By failing to take any action regarding Venezuela, the Organization of American States has lost its mandate to ensure that nations in the Western Hemisphere adhere to democratic principles. The OAS, for all intents and purposes, has plenty of intent but no purpose.
Perhaps the leaders of member countries took this decision out of self preservation. Chavez, after all, has proven he has the political will and financial might to fight his woes, and he finds allies everywhere: Joe Kennedy helped him poke his finger in Bush's eye by facilitating cheap heating oil to poor communities in the US, Rafael Correa poked two fingers in Alvaro Noboa's eyes in Ecuador, Ollanta Humala made a mockery of Peru's sovereignty, and in Mexico, Andrés Manuel López Obrador missed Felipe Calderon's eyes by one or two inches.
Chavez's candidates have won or nearly won everywhere. In fact, Chavez today sways more power over Latin nations than any other president.
His sole opponent, the US, is still scraping the egg off its face, as Condoleeza Rice's plea for an investigation of Venezuela's government blew through Panama like a breeze.
The mediocrity of the OAS leadership was well demonstrated in a recent interview conducted by El Pais, a leading Spanish newspaper, with OAS Secretary General José Miguel Insulza, who said the OAS wouldn't take measures against Venezuela for removing the most popular television network from a prominent VHF placement, exiling RCTV to satellite and cable, where opposition voices will never be heard again.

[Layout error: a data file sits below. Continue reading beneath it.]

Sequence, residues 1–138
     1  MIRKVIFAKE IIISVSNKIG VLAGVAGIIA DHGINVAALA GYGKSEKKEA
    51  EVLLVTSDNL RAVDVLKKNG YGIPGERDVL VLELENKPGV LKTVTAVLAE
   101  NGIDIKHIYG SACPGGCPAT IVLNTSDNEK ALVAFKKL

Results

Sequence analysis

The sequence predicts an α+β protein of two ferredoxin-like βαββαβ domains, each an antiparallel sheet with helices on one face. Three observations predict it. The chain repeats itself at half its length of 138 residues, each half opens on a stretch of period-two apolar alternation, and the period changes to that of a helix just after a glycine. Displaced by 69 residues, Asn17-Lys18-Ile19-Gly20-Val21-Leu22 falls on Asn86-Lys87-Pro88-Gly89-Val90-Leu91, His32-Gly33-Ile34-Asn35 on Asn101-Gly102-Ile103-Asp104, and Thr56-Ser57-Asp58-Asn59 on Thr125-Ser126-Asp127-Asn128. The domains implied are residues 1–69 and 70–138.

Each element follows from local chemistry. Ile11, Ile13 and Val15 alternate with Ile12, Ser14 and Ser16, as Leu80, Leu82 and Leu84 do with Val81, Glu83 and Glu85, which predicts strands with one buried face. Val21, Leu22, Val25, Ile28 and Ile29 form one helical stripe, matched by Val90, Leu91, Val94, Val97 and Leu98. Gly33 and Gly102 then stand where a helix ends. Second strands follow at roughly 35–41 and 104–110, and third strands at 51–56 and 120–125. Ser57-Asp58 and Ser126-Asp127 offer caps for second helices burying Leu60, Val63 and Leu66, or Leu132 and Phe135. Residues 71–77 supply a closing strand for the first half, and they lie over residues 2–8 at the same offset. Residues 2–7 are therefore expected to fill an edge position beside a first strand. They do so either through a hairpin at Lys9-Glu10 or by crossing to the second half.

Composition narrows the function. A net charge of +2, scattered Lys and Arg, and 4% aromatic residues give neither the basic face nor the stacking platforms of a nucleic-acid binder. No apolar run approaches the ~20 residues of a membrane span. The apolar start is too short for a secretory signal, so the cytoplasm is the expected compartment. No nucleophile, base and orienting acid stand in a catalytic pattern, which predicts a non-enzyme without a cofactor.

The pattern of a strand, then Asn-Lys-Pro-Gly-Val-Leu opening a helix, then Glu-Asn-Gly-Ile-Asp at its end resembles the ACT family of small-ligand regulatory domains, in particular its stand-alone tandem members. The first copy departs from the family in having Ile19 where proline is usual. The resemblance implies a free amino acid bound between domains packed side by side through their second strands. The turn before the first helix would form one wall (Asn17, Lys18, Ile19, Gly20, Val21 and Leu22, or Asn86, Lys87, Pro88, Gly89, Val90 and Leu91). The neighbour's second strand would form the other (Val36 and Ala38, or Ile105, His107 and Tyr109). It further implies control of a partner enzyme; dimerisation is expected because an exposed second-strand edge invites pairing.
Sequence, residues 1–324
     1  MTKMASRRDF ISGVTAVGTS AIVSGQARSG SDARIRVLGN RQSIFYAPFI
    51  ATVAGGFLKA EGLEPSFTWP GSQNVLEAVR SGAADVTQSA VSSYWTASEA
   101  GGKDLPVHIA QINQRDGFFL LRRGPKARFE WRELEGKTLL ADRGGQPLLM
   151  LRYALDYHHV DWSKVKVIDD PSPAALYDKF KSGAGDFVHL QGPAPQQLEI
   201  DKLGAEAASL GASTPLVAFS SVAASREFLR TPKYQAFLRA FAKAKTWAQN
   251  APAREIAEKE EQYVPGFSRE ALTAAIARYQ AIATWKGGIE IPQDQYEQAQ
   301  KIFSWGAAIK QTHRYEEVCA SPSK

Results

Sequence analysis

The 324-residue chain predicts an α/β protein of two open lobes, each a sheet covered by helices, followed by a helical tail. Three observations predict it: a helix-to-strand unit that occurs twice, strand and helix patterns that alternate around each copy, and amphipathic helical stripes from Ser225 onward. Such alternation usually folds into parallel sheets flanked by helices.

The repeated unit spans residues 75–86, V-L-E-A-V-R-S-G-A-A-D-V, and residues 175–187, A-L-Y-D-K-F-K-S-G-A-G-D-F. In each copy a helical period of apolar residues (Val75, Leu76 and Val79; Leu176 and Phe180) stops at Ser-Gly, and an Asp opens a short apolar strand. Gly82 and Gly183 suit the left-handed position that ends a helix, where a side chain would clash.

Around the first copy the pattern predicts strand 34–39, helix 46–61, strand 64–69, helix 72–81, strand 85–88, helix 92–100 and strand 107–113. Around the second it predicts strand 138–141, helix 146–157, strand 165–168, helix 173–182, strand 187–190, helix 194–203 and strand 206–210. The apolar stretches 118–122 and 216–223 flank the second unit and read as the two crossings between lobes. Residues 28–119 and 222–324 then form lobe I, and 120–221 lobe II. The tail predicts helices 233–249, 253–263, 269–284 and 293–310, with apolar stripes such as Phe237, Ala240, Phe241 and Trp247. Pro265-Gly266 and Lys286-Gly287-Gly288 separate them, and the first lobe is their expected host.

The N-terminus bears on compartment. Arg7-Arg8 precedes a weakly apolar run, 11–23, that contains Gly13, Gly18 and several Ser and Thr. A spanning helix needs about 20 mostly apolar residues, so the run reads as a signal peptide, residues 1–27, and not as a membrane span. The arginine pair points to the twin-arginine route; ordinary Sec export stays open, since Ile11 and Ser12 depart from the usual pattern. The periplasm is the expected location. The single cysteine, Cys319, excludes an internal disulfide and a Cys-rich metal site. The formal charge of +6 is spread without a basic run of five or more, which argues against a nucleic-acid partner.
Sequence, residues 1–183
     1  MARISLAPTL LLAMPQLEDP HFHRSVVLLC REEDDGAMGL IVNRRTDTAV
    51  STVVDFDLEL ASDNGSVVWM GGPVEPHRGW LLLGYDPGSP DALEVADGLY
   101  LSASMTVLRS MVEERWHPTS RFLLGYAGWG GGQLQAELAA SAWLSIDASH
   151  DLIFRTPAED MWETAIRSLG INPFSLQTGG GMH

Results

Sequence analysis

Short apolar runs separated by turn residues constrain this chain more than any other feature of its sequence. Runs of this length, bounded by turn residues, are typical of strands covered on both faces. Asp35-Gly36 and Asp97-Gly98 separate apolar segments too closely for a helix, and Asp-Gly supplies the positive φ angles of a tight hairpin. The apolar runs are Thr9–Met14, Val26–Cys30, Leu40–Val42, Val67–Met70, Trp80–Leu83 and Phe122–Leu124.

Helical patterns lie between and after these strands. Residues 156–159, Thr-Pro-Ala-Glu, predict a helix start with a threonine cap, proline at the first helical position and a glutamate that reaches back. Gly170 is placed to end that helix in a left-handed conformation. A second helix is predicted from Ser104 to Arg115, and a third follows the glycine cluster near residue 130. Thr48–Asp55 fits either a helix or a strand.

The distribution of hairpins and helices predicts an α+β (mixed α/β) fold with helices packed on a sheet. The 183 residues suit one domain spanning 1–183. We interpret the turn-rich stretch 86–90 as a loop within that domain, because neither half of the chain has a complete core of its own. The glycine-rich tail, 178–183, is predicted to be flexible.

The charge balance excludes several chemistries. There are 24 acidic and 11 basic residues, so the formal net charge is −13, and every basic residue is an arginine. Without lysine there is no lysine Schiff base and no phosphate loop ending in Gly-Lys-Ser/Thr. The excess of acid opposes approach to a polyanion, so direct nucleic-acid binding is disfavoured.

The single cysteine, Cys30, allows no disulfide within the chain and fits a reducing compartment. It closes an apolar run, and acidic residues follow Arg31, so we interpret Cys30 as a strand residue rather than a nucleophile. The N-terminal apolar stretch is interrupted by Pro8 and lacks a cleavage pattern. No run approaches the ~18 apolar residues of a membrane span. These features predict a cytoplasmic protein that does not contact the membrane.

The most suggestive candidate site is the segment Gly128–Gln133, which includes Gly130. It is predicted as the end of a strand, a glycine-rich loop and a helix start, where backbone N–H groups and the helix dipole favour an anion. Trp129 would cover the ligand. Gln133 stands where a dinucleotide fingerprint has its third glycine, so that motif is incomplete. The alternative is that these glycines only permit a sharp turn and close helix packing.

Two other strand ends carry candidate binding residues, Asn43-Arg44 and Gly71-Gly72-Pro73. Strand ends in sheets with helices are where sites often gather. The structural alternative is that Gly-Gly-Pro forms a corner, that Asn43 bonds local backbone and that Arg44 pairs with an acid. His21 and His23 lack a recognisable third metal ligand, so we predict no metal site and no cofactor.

In the interview, it becomes eerily apparent that Insulza and other member nations disagreed with the measure against RCTV, but plan to do nothing to investigate it.
Meanwhile, Insulza, trying to save face or whatever reputation he can salvage among the civilized, has been pedaling like a storm-caught duck trying to justify the unjustifiable. Not only has he said in private meetings in Washington that he disagrees with the measure "in his heart", but he has expressed his observations in the media. In the disturbing interview with El Pais, titled "Latin America Avoids Confronting Chavez," he claims he was "displeased" by the government's decision, but could do nothing about it because Chavez's hadn't invited the OAS to Venezuela.
He ends by saying, "I hope Venezuela continues to be a democratic country." Clearly, a country with no dissenting voices on any VHF (Very High Frequency) channel - and where the only UHF channel courageous enough to question the government is under threat - can no longer be labeled "democratic".
Perhaps defining "democratic" is where Secretary General Insulza's ignorance lies.
Please review the article below, and draw your own conclusions. Ask yourself what greater men, such as Churchill would do. It seems the age of courage, wisdom, and might may have come to an end, at least in Latin America.

El Pais
Latin America Avoids Confronting Chavez
June 10, 2007
Despite the street protests in Caracas and political pressure emerging from the United States, the Organization of American States (OAS) is not going to take measures against Venezuela for the closure of the opposition channel Radio Caracas TV ( RCTV), according to an announcement by the secretary general of that multinational organization, José Miguel Insulza.
This decision, which means a victory for the Hugo Chávez government, reflects the will of the regional group of countries to avoid any conflict with the controversial Venezuelan president.
"The suspension of the Radio Caracas TV's concession is a measure not liked by member countries, but nobody has asked for a condemnation of something that constitutes an administrative decision by a government in whose governance we cannot interfere," thus affirms Insulza at an interview granted to EL PAÍS at his Washington office.